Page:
|photo by Steve J Sherman|
Also in September, Palmetto Records releases "Open Book", Hersch's 11th solo piano recording (and 12th recording for the label). Recorded live in concert in Seoul, South Korean (four separate nights), the album is both typical and typical of the pianist's output. Yes, there's a Thelonious Monk composition ("Eronel"), a piece by Antonio Carlos Jobim ("Zinger"), Benny Golson ("Whisper Not"), Billy Joel ("And So It Goes") plus three original pieces. One of those originals, "Through The Forest", is a fascinating 19:34 totally improvised piece; it's the centerpiece of the album and one of those performances that defies categorization. There is a darkness to the chords and a narrative quality to the melodies that shows a classical influence (perhaps Schumann, Debussy, Stravinsky, Gershwin) but what stands out most are the leaps from mood to mood the pianist takes. No surprise there is a forest on the album cover. The music is not dense, you can see through the fog and the trees are bare but the path forward can be detected. There is a freedom to being lost which can be scary but also pushes you to sharpen your senses, to call on different solutions to see your way through.
"Open Book" shows an artist at the height of his creative power without a sign of slacking off. It's one one of those albums that sounds good any time of day, scuba as early in the morning with the birds outside your window or late at night as you relax after a long day. No matter when you listen, this is a quite a good "book."
Fred Hersch is so busy right now with tours, teaching, and more; not only will the book and album come out in September but his "Leaves of Grass" project will be performed at Jazz at Lincoln Center (in the Appel Room) on September 15 and 16. For information, go to fredhersch.com.
Here's the Monk tune (co-credited to Sadik Hakim:
One is tempted to call his latest release, "Cub(an)ism" (Intakt Records) a "rite of passage". Solo piano recordings often bring to light an artist's influences, his upbringing and vision mashed into 10 songs, an hour's worth of explorations. It's been twenty years since Ortiz's previous solo album (unavailable in the U.S.) but, in those two decades, the experiences the pianist and composer has had through his studies and interactions gives this music its depth and scope.
For more information, go to www.aruan-ortiz.com.
Here's a track to whet your listening appetite:
from the School of Music at the Victorian College of the Arts (and later, a Ph. D in Philosophy). In 1994, he formed a trio with bassist Nick Haywood and drummer Allan Browne, recording two albums blending original material with jazz standards. In 2000, Stevens moved to Sydney where he formed a Trio with Mark Lau (bass) and Simon Barker (drums). Upon his return to Melbourne in 2002, he created his current trio of bassist Ben Robertson and drummer Dave Beck, an ensemble that has released four albums on Rufus.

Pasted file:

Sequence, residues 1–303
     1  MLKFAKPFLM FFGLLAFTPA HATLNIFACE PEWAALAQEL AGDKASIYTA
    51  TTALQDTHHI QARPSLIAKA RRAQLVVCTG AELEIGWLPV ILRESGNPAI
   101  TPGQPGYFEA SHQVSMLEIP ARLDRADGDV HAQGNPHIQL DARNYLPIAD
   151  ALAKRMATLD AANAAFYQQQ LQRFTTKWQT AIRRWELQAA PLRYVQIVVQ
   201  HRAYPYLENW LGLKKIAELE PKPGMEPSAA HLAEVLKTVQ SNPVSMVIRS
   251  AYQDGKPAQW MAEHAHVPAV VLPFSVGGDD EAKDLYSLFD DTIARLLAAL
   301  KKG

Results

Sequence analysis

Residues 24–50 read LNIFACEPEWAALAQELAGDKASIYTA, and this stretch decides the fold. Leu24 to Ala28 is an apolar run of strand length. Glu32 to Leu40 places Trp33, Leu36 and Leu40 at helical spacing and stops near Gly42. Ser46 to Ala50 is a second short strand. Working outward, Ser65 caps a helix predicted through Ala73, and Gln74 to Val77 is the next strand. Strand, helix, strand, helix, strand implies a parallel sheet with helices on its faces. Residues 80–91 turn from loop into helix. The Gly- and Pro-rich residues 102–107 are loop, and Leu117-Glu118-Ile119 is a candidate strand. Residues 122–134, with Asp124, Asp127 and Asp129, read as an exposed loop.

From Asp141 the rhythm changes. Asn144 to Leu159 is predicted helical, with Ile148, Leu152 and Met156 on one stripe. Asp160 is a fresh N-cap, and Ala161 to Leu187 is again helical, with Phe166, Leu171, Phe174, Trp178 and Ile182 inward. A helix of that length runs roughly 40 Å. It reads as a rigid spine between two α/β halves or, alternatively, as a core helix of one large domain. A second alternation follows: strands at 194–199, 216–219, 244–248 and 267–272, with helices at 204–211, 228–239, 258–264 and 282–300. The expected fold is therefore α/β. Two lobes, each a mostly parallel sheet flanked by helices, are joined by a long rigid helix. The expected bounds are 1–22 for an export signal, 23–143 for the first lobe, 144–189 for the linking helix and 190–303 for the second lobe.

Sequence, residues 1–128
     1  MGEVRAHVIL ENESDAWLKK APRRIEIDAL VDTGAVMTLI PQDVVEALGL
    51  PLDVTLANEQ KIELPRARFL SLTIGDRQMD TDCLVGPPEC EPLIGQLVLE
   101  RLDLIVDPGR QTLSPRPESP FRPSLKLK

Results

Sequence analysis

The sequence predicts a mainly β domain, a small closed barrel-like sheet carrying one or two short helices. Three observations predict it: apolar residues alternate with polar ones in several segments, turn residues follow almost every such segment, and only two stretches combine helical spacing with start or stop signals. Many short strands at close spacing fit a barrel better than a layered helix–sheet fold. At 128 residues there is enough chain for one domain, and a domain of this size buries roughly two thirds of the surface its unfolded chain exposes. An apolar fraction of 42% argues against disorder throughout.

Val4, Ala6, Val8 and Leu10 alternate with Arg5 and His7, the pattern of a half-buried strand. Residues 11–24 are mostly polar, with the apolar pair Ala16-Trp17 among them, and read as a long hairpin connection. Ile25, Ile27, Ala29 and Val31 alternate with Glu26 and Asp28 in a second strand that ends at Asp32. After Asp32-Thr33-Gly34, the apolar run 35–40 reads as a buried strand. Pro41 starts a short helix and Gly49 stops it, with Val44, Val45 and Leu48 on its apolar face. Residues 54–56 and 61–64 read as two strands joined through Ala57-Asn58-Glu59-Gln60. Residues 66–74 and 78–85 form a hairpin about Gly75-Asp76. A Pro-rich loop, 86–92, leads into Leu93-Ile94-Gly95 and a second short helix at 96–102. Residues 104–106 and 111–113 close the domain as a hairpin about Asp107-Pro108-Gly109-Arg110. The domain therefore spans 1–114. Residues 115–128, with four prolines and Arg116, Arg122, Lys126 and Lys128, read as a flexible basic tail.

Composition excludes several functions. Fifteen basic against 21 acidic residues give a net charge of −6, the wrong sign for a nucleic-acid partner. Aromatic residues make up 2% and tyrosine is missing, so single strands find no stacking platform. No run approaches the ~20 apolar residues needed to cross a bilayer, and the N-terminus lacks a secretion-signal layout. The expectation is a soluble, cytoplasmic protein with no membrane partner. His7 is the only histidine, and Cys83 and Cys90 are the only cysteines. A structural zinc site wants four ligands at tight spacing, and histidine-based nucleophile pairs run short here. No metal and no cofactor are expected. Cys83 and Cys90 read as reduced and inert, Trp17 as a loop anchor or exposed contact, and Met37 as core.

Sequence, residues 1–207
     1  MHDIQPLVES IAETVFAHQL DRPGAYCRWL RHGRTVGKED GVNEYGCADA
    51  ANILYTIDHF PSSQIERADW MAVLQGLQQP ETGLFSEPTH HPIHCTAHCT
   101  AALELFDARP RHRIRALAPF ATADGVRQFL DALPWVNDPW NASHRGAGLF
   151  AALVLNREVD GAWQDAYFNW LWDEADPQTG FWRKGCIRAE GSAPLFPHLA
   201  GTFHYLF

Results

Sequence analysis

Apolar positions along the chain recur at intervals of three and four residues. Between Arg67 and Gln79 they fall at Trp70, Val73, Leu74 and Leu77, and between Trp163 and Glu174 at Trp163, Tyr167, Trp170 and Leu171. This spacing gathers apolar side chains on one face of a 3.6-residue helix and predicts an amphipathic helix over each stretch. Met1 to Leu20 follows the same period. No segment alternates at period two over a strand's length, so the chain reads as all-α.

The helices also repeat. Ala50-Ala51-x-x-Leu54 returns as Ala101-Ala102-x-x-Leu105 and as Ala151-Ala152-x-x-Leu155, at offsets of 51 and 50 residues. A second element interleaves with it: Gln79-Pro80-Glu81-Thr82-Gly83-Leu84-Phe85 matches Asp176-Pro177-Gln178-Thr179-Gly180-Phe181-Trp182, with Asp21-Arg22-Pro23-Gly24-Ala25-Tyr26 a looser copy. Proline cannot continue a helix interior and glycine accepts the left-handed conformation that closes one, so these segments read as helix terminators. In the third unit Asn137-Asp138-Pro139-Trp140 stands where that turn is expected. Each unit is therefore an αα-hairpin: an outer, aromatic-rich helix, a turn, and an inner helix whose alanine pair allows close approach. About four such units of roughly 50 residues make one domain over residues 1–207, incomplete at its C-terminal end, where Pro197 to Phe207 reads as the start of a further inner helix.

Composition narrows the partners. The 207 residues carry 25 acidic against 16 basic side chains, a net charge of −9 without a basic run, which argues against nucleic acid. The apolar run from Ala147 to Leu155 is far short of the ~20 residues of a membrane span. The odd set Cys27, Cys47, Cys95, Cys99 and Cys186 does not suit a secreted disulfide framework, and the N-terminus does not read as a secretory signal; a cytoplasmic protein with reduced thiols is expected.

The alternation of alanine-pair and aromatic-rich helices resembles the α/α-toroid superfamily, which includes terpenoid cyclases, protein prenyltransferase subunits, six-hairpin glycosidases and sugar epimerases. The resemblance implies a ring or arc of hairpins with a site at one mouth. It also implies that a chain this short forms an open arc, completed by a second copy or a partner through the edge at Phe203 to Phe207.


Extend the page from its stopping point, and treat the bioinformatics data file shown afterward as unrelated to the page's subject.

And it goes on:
Stevens has also issued four solo piano recordings for Rufus, beginning in 2002 with the introspective yet playful "Freehand." In May of this year, the label issued "Media Vita", an album of 12 pieces all composed in 2016, a leap year in which the composer challenged himself to write a new work every day. What should one expect from a project such as this? Honesty, for one. Exercises such as these expose the creative person in different ways. If he or she is up to the challenge, the realization that every day is different, that we as people are different, that this kind of "play"is also work. The intertwine of work and play is, for this writer, what makes this album so enjoyable. Composer Stevens gives us 12 stories from 12 different days in his year as a musician, teacher, parent, citizen, etc. and, in a way, asks us if we can see ourselves in the music.
"Media Vita", which translate to "half life" or, perhaps, "middle age", is by nature a culmination of the music Tim Stevens has created over the past two decades. Yet, also by the fact that the 12 songs come from 2016, it's also "new" music, statements as to where the composer is in his life. (Author's Note: the title is actually from the Latin phrase "Media vita in morte sumus" which translates to "In the midst of life we are in death.")
Sure, this album is personal, the best music always is. I have listened to this recording every day since it arrived a week ago and there is still more to discover, uncover, and enjoy!
For more information, go to www.timstevens.com.au.
Here's another track for your listening pleasure: